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Telehealth Will Stay, but Not for Every Visit, Oncologists Report


Survivorship care and symptom management were the best uses of the technology in cancer care, according to survey results presented during this weekend's meeting of the American Society of Clinical Oncology.

A survey of reported this weekend during an annual meeting of oncologists found that almost all cancer specialists will keep using telehealth after the pandemic ends—but perhaps not for every type of visit.

The American Society of Clinical Oncology (ASCO), which held a virtual meeting for the second year, shared results commissioned by its Telehealth Survey Task Force. Chris Manz, MD, MSHP, a medical oncologist with Dana Farber Cancer Institute, said 200 physicians completed the survey; respondents offered a good geographic distribution, representing 42 states.

Respondents were evenly split between practices of 20 clinicians or fewer and those with more than 20 clinicians. Of those taking the survey, 72% were medical oncologists.

Those who responded said using telehealth for symptom management and survivorship care has clear benefits, but 68% said it fell short for first-time visit, when doctors prefer to see the patient in person. Only 8% of the respondents said they did not plan to use telehealth at all after the pandemic.

Respondents were asked how they used telehealth for different types of visits as the pandemic hit a peak in January 2021. At that time, 51% said they were using the technology for at least half of survivorship visits in the past 30 days; by contrast, only 19% said they had used telehealth for at least half of their goals of care visits, when topics such as palliative care or advanced care planning may be discussed.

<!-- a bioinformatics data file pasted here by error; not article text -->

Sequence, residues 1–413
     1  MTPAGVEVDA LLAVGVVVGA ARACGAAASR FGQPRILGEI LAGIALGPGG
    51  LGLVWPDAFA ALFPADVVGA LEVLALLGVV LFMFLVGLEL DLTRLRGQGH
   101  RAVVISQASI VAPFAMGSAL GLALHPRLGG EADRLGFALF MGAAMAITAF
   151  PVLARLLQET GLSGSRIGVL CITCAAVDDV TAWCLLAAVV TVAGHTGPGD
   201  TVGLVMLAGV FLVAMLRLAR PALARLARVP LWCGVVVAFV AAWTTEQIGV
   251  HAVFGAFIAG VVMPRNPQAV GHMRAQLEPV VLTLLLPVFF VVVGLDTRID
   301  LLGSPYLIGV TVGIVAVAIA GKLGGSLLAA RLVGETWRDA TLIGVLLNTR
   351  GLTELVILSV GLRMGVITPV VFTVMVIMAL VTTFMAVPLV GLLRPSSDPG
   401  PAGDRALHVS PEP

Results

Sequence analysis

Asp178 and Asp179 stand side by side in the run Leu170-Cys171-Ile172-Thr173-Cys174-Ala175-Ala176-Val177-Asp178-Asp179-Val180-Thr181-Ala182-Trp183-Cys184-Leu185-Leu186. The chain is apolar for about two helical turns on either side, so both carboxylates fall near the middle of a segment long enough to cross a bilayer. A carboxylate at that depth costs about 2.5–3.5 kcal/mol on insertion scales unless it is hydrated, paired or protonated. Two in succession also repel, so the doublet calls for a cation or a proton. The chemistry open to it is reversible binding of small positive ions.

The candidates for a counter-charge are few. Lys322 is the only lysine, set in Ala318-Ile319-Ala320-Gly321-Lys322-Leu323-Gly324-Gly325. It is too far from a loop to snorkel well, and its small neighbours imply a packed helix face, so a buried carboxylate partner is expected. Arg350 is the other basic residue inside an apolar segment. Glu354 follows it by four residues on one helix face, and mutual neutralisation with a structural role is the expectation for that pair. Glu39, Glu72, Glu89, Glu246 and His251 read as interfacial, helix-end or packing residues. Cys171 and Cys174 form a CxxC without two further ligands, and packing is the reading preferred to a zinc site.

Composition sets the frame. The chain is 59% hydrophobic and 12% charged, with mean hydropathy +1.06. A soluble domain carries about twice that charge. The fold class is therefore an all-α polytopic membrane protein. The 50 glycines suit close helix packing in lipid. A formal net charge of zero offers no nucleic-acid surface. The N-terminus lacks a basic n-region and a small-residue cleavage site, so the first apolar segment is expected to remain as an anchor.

Manz said the appropriateness of using telehealth for a specific type of visit wasn’t the only consideration.

“Respondents reported that a number of patient, clinician, practice, and financial factors were barriers to using telehealth,” he said. Most frequently cited: patients’ access to technology, and the patients’ limited proficiency with telehealth technology. Both cited by about 80% of clinicians.

“Overall,” Manz said, “respondents in this small survey reported telehealth utilization, quality of telehealth, and preferences for post-pandemic telehealth use that often varied with the type of visit. However, clinicians highlighted a number of barriers that can inform policies around telehealth in the coming months and years.”

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